Jonathan Taylor writes:
Not long after waking up and learning that Herta Müller had won the Literature Nobel, I noticed in my Google Reader that Signandsight.com, hours before the announcement, had published a translation of a recent piece by her about the lingering power of Romania's former Securitate, from Germany's Die Zeit.
Suddenly I found my file, too, under the name of Cristina. Three volumes, 914 pages. It was allegedly opened on 8 March, 1983 - although it contains documents from earlier years. The reason given for opening the file: "Tendentious distortions of realities in the country, particularly in the village environment" in my book "Nadirs". Textual analysis by spies corroborate this. And the fact that I belong to a "circle of German-language poets", which is "renowned for its hostile works".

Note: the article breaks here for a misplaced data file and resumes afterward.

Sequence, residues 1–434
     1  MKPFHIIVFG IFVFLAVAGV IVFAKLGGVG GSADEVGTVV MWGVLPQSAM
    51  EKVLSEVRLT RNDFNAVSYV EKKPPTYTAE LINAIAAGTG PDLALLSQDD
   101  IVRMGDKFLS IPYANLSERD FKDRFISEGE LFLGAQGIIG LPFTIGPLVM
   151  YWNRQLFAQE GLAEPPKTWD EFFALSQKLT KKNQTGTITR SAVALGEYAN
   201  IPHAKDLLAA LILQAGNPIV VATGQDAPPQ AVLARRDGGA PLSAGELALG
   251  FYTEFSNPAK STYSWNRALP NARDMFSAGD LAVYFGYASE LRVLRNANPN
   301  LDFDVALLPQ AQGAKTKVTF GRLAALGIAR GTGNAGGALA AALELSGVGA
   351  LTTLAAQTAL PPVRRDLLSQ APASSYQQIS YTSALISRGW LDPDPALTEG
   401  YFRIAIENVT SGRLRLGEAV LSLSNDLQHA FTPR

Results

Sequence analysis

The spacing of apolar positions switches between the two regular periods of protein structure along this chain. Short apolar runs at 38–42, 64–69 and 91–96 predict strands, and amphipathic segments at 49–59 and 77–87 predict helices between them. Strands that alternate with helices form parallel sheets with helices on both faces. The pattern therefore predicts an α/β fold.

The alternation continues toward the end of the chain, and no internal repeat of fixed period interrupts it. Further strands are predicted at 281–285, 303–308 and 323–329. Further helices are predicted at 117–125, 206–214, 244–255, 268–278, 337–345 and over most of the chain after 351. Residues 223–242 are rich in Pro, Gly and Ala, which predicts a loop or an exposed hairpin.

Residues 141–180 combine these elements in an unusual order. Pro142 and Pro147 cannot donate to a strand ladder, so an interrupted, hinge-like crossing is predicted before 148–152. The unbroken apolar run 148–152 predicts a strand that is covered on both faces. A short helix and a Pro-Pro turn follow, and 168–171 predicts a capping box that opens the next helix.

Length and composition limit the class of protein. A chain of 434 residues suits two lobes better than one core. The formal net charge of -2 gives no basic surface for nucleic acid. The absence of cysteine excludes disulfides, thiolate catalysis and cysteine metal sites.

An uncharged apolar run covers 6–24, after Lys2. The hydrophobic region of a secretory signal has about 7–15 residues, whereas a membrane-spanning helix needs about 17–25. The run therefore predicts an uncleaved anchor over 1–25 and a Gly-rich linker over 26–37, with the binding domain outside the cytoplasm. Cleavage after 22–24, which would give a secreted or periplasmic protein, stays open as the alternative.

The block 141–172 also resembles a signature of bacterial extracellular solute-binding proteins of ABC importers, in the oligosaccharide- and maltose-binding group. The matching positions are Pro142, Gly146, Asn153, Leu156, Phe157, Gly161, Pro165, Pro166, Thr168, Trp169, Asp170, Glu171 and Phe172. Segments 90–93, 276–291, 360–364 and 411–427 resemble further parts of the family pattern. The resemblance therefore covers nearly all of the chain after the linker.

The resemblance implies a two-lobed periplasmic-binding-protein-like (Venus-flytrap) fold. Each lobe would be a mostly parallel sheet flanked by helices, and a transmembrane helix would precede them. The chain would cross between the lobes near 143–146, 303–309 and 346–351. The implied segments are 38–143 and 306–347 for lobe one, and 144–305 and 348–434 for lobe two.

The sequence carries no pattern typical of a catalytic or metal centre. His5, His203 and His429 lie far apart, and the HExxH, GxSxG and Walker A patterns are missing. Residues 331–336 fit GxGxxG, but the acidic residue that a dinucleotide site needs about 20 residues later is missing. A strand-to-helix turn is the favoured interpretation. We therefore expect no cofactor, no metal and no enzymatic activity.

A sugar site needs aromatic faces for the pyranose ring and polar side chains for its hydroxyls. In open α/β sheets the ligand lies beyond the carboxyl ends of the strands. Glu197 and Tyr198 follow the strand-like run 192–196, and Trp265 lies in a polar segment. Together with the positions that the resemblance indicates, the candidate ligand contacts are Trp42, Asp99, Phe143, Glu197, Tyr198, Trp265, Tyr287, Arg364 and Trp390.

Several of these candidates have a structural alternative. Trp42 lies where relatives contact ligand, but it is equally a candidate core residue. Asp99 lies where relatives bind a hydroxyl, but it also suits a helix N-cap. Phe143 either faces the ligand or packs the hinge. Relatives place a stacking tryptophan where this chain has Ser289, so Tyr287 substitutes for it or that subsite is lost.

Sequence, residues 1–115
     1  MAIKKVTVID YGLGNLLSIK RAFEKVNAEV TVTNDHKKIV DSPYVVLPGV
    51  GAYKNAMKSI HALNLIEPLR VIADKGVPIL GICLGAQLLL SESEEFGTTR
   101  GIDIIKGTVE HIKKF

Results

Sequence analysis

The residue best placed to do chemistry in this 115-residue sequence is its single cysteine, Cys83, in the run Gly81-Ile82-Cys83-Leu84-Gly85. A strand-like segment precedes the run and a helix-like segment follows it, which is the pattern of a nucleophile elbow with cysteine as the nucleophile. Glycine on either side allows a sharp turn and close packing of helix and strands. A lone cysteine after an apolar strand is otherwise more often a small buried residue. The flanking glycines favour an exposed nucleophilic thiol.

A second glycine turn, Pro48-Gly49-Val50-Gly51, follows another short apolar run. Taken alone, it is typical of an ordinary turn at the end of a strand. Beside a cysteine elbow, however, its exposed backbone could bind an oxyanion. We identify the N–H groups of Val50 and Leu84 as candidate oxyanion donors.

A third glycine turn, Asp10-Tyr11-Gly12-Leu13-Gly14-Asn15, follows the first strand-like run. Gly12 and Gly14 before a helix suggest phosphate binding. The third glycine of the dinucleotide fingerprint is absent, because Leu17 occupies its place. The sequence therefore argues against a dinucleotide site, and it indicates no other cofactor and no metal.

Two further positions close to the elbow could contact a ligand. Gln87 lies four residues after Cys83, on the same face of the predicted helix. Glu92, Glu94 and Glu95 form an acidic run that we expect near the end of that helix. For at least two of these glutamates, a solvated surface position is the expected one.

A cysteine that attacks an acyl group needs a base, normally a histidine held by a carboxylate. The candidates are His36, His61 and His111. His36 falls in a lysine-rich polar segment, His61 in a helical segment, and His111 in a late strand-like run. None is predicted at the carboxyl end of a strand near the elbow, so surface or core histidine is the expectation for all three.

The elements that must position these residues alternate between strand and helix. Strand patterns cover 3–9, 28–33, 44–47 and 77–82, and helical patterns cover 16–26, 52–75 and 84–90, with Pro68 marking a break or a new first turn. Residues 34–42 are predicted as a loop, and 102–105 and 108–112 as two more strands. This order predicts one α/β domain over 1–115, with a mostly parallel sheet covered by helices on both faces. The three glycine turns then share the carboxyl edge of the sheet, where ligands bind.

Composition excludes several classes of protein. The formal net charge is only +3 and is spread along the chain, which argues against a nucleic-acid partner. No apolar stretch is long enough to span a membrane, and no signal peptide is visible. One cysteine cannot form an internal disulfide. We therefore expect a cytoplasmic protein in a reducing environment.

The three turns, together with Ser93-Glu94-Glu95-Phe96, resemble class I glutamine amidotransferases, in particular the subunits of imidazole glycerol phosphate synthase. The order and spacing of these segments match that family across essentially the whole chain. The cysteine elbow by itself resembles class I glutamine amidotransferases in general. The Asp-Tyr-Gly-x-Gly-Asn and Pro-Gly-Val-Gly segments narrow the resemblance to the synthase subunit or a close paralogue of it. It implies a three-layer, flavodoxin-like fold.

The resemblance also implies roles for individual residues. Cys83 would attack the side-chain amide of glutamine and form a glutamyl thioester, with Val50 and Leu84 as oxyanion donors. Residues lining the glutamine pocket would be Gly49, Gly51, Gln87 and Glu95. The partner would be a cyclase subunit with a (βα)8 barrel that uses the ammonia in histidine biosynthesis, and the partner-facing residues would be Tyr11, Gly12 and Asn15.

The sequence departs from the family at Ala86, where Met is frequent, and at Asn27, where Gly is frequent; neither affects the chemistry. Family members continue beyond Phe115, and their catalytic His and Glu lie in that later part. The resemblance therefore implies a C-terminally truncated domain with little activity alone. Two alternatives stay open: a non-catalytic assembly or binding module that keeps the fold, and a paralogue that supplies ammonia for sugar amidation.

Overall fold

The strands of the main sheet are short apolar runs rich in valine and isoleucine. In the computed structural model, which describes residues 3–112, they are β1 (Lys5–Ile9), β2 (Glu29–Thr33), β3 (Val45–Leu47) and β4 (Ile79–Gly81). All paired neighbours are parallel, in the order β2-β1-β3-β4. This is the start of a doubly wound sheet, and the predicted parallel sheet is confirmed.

Hello! I’m Emily Gordon, an editor, critic, copywriter, and internet lover since 1992. Emdashes, born in 2004, spent its formative years as a New Yorker fan blog. (The project garnered some nice compliments and press.) It’s now a collection of conversations—generally civilized—about punctuation, magazines, movies, design, and other things that stir me.
Over the years, I’ve worked with a small army of culture writers, editors, and artists. You can read all about the people who've helped build Emdashes here at “Who We?” (That’s a New Yorker joke. Old habits die hard.)
I welcome submissions, questions, corrections, and ardent, obsessive contributors. I also host occasional book-related contests and giveaways. Questioners and publishers, just email me.
Looking for The New Yorker magazine? Kudos on your classy taste. Here’s how to contact The New Yorker.
The original Emdashes pencil logo was designed by Jennifer Hadley, based on a 1943 Dorothy Gray ad.